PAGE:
In his 25 years as a captain with the New Jersey State Police, Steve Serrao had extensive dealings with confidential informants, including cultivating and working them as an intelligence officer, protecting them as they became official government witnesses, and even relocating them after they’d testified for the State.
At one point in his career, Serrao was involved in managing the confidential informant program for the NJSP Intelligence Bureau (he now serves as a law enforcement consultant at SAS, a leading analytics software and services provider).
“We had several thousand documented informants in our files,” Serrao explained, “of which roughly 400 were being contacted and paid or remunerated in some way every day. We used a very crude paper-based system to manage the informant contacts and a slightly less crude Excel spreadsheet to manage payments made to them.”
Needless to say, the system was vulnerable to mistakes and mismanagement. Further, it provided little (if any) capacity for measuring an informant’s or a handler’s risk and/or efficacy.
The International Association of Law Enforcement Intelligence Analysts hosts a LinkedIn group called “Law enforcement confidential informants and intelligence,” in which a discussion formed about
the appropriate, safe, and effective use of confidential informants in law enforcement. In that dialogue, Serrao noticed what he believes to be several important issues:
• “Effectiveness will be highly dependent on the handler”
• ‘…undercover ops in policing….appears that it's a very mixed bag, largely due to training and the inherent risks associated with law enforcement…”
• “…Law enforcement officer(s) appear to receive little, if any training in most departments”
• “…trust between an operative and their handler is of prime importance to the success of missions, a trust that should never be betrayed…”
• “…Effectiveness can be measured in many ways and I would posit that credible, actionable intelligence is the pinnacle of such effectiveness…”
“The one thing I saw no mention of is the use of modern sophisticated technology to deal with most — if not all — of those issues,” Serrao explained.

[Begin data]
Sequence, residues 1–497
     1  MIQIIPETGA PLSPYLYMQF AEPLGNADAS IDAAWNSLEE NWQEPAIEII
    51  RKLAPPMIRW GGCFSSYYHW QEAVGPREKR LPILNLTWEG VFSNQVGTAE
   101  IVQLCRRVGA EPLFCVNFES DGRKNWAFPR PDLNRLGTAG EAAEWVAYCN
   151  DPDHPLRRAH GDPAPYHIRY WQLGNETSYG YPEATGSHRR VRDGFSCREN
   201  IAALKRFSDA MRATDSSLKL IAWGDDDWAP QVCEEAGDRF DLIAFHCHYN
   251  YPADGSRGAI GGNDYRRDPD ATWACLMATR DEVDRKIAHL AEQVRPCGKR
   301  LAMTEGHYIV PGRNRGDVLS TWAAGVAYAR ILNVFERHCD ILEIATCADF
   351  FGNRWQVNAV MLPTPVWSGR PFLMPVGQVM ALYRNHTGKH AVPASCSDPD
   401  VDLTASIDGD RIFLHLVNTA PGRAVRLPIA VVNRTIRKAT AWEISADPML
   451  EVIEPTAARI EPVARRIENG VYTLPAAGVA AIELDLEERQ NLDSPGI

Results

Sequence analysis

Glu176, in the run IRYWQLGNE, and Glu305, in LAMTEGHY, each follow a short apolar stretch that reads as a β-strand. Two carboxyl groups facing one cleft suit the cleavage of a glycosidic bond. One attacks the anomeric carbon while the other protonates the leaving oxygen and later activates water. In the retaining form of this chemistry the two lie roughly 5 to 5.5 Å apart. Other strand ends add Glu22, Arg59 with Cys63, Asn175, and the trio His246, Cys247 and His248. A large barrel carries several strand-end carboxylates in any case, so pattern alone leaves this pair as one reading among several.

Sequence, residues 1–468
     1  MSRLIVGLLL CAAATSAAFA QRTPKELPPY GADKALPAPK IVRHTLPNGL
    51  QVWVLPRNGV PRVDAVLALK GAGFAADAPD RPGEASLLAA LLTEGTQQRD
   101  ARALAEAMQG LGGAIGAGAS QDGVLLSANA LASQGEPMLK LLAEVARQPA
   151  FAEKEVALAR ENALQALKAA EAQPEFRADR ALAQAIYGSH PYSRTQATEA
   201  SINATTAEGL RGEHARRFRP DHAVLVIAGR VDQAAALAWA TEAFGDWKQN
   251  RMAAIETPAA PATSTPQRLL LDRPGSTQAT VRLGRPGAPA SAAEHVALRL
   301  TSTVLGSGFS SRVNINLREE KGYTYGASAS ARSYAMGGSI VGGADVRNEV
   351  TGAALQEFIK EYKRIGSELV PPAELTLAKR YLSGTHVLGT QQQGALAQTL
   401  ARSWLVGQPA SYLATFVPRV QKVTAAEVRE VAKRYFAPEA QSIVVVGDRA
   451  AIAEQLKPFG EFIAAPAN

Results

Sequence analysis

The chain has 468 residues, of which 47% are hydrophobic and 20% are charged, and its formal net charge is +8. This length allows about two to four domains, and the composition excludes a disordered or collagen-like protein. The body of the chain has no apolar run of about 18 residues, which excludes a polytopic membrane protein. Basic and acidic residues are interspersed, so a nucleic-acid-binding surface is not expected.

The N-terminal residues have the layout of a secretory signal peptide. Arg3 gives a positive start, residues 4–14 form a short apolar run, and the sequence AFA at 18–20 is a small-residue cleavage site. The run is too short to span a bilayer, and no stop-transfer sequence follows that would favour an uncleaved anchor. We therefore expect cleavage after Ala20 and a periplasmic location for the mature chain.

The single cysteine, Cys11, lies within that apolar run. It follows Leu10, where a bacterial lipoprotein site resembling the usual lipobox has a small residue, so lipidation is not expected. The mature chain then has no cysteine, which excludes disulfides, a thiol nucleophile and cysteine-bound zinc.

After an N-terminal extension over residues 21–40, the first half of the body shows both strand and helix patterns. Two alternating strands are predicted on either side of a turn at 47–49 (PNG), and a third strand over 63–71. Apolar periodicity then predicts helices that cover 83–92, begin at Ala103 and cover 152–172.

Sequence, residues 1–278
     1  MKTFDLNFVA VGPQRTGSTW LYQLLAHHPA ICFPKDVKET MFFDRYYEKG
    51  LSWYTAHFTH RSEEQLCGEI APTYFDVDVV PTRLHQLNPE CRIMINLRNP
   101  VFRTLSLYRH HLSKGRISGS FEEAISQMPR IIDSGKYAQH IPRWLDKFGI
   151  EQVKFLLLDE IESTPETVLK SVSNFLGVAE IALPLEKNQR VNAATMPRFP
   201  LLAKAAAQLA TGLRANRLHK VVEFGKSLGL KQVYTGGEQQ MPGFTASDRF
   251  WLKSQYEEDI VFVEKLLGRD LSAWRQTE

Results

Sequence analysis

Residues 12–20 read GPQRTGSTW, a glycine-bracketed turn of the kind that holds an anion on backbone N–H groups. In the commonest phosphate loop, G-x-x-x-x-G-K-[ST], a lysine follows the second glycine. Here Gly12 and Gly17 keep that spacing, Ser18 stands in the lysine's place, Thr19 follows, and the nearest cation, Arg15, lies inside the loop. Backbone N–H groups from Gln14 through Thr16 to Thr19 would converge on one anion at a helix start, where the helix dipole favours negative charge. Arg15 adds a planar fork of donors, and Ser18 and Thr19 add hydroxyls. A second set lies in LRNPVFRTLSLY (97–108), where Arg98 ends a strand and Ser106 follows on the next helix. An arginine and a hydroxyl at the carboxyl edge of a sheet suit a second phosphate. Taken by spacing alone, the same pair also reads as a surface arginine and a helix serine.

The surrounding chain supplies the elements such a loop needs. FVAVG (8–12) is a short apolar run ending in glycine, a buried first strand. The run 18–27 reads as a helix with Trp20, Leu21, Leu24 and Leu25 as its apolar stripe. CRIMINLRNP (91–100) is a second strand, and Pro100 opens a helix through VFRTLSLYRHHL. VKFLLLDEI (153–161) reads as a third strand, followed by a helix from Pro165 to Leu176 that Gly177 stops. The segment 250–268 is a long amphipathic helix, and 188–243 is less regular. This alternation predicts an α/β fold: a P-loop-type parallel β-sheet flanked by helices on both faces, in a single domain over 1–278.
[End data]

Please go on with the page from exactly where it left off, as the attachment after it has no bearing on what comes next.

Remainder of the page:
“Maybe that’s because a simple search of the Internet reveals only a handful of — and I’m being kind, because there are actually only two — companies providing technology solutions that manage the entire lifecycle of confidential informants.”
Serrao travels around the world on behalf of SAS — even as he’s supporting current customers, he’s always seeking new ones — and he lamented that when he visits agencies not yet in the SAS client roster, he often finds the usual suspects of index cards, file folders and some sort of home-grown Excel spreadsheet or (gasp!) Access database.
“I’m constantly amazed to find that many police departments are still using rudimentary processes to manage their confidential informants. Recently, I was shocked to hear a ranking member of a large metropolitan police force tell me that there was no need to use technology to manage informants — ‘the less information the better’,” Serrao was told. “That might be the most naïve approach I’ve ever heard about managing this inherently risky part of policing.”
Serrao believes two questions must be asked and answered:
1. How much is the department willing to pay out in lawsuits when things go wrong?
2. How many cops need to be indicted before a proactive approach is taken to deal with the problem?
“Just look at the multi-million dollar payouts reported in the media over the past few years or the several recent high-profile civil cases and consent decrees forcing agencies to modernize the way they handle informants,” Serrao said.
“Compare that against the relatively small amount of money your agency could pay upfront to acquire a comprehensive system that reduces risk and provides operational and managerial oversight of your confidential informant program. Informants will still give you problems, but you will be able to reduce risk and minimize lawsuits by demonstrating that you had a program in place to avoid, detect and prevent illegal and/or aberrant behavior by your officers and informants.”
Serrao’s advice to law enforcement leadership is to look at the department’s policy regarding confidential informants, look at their CALEA certification, and then look at the Internet for companies providing solutions.
“You will most likely learn that your policy may be outdated, your CALEA certification may be in jeopardy and your choices for a solution are very limited,” Serrao quipped.
Serrao thinks his company has the ability to help agencies resolve those issues. He suggests that when looking at SAS and other solutions out there addressing the management and analytics of confidential informants, police leaders should consider seven key components:
1. Security, both of information and access
2. Entity deconfliction and identity disambiguation
3. Management of contacts
4. Management of payments
5. Ability to Activate, deactivate and render informants undesirable
6. Ability to change handler information
7. Ability to run across your agencies wide area network
“Agencies that follow this path will reduce risk and, for the first time, be able to measure the results of their confidential informant program,” Serrao concluded.